Patient Stories


When I was a teen, through my twenties, and early thirties I was a runner. Always experiencing pain after a run in my right shoulder, I went to a sports Dr. (in high school) to find out my shoulder pain was caused by the difference in lengths of my legs. Now I know that to be a characteristic of hip dysplasia.

Fast forward 15 years and I was 4 years into increasingly intense pain in my right “leg”.
I kept up my intense yoga schedule but had forgone running 2 years prior due to pain. Walking from my car to work was unbearable. I had to psych myself up to get the mental and physical courage to even walk to the bathroom. I hated the stares at my increasingly pronounced limp, the strangers coming up to me asking what was wrong … I just didn’t know !!!
Right when I couldn’t take it anymore, at age 33, I found out I was pregnant! For the first time! What a crazy turn of events. Given this new responsibility, I scheduled a long overdue MRI. It was that day that I was diagnosed with bilateral hip dysplasia. I would start with replacing the right hip, then the left, then in 15 years do it all again. It felt like a ton of bricks slammed me in the chest – how could this be real?
Pregnancy was excruciating, but there was an end in sight. Three months after my scheduled C-section I was going to have a total right hip replacement. I had ultrasound-guided cortisone shots injected into my pelvis every 3 months that kept me walking without a cane, crutches, or a wheelchair – that, and pride.

My daughter’s arrival into this world went wonderfully and my beautiful healthy baby was finally here. Now came the reality – I have to figure out a new body part, re-learn to walk, oh yeah and keep a tiny human alive – with my body!

Becoming a mother changed my hip dysplasia journey profoundly – I don’t know how I would’ve handled this without my baby, or if I would’ve even thought having a child was the right decision for my body. Although reading this story you may think that it was irresponsible to not seek proper treatment sooner, I believe there was something bigger at play and the diagnosis came exactly when it was meant to.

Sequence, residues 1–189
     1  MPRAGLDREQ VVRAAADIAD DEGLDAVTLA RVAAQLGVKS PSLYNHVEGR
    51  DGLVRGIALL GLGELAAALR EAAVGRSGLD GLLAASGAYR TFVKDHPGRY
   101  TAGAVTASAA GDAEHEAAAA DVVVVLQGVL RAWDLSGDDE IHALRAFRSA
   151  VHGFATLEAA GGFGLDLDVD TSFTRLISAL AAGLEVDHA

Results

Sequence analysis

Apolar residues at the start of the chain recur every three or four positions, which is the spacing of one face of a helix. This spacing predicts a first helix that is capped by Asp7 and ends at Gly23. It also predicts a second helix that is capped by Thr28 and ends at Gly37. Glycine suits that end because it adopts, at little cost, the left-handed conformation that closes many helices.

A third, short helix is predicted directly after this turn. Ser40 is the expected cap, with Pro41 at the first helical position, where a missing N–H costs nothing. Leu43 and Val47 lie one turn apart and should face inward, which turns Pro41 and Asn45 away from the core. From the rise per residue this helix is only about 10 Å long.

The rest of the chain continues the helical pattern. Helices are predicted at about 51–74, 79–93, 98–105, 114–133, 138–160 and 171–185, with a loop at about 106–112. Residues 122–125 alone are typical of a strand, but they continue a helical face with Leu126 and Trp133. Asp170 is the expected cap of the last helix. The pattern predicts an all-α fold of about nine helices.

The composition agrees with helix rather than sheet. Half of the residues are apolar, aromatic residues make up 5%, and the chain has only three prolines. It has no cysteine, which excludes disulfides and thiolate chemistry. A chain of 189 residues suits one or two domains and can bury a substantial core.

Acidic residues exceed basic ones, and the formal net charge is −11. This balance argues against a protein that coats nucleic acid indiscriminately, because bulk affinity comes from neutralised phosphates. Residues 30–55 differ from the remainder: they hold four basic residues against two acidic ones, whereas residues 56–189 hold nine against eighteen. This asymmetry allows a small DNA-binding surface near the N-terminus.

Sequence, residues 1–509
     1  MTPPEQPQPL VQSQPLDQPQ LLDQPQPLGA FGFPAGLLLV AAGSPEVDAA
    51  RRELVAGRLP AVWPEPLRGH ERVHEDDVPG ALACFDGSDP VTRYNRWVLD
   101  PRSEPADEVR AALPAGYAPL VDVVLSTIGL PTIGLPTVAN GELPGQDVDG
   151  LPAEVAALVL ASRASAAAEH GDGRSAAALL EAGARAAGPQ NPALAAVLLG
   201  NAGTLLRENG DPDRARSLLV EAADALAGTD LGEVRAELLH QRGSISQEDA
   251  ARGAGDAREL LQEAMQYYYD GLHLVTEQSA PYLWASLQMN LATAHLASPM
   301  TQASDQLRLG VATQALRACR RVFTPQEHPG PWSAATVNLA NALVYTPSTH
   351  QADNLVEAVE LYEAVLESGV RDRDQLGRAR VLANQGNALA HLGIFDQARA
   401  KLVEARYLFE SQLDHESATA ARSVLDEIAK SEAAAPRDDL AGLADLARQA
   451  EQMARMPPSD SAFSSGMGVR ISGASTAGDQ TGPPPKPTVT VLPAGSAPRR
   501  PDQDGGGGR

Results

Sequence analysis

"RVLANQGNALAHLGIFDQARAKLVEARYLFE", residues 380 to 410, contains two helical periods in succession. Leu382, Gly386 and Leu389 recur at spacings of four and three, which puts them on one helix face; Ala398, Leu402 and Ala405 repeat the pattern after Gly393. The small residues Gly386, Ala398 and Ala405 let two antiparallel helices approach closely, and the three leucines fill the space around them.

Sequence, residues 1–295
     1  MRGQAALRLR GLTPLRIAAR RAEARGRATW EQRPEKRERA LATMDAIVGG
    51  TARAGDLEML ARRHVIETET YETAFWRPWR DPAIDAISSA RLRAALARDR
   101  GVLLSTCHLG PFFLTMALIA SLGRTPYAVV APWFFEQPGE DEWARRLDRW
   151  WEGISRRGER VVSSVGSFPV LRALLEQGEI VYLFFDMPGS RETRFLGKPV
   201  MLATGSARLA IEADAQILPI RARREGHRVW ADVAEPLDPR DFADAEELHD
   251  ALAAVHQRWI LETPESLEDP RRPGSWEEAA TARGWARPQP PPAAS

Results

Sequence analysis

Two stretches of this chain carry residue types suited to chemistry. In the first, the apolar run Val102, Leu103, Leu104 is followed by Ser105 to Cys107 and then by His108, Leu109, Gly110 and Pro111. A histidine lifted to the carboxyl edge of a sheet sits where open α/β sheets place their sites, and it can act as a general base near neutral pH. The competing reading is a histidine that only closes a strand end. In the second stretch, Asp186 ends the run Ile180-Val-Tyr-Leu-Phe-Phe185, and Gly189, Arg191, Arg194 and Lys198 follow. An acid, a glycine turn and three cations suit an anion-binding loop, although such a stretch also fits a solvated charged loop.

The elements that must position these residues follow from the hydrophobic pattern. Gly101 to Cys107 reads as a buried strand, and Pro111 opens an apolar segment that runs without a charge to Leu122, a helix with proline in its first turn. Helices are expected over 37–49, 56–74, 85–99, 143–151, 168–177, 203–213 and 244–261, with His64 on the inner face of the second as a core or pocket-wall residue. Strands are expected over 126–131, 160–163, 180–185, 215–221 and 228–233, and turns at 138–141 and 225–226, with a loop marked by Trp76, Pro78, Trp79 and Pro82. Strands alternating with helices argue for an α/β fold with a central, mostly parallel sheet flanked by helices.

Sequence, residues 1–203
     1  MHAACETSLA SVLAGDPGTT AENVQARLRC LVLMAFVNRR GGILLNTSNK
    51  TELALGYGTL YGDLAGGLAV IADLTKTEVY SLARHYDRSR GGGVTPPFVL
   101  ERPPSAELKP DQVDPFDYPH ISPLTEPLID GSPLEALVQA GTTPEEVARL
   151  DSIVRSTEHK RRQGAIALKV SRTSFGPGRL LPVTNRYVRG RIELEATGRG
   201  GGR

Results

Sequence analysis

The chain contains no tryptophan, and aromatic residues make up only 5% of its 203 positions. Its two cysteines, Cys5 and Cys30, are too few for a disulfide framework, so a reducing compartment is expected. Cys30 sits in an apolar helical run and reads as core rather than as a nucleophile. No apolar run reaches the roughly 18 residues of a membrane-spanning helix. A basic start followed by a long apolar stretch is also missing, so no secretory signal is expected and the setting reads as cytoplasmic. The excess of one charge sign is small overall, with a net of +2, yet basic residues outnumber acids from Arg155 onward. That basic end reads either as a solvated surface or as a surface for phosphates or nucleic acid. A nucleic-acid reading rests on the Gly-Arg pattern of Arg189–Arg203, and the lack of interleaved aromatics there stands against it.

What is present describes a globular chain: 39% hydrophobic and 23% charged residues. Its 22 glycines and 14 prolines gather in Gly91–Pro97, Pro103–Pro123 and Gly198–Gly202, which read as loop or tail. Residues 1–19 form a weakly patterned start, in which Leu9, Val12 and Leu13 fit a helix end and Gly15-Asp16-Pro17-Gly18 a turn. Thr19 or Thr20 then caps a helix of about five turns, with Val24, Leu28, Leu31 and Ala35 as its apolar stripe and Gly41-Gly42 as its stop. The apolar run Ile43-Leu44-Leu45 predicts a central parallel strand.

Before all this – running, swimming, surfing (sort of), hiking, yoga, teaching paddleboard yoga, and any physical activity were my identity – and now they were gone. Who was I without it? What made me happy? Would I ever be active again? Am I disabled? Is that my new identity…disabled? The thought plagued and embarrassed me.

That was one and a half years ago.

Today I just returned from surfing 5-foot waves on sunset cliffs in ocean beach – something that I watched from the sidelines for ten years. Eight months after surgery, I joined 8-week program called Ground Swell Community project that gave me back the skill and confidence I was seeking in the water (if you’re interested at all in surf therapy please check them out, they are amazing).
For my 35th birthday this July I went on an off-roading surf trip to Mexico where I had the courage and skill to surf off the grid spots. Nothing can describe how that felt, or feels every time my board touches the water. I saw myself in my mind teaching my daughter how to surf. I didn’t know how I was going to get there but things fell into place as they do.
When I tell you that my new hip gave me my life back – believe it. I am beyond grateful every day that I can do all these amazing things – but also that I can pick up my daughter without pain, walk her down to the farmers market, play hide and seek … all the things!

A lot of the time I have trouble wrapping my head around the surgeries and “things” that may come up in the future, especially as my now 35-year-old body begins to age.
If anyone reading this ever doubts their physical ability after this life-changing diagnosis – please don’t. You are capable of so much. So, so much.

If you’d like to keep in touch or share YOUR story please contact me on Instagram: Cali_surfin_mama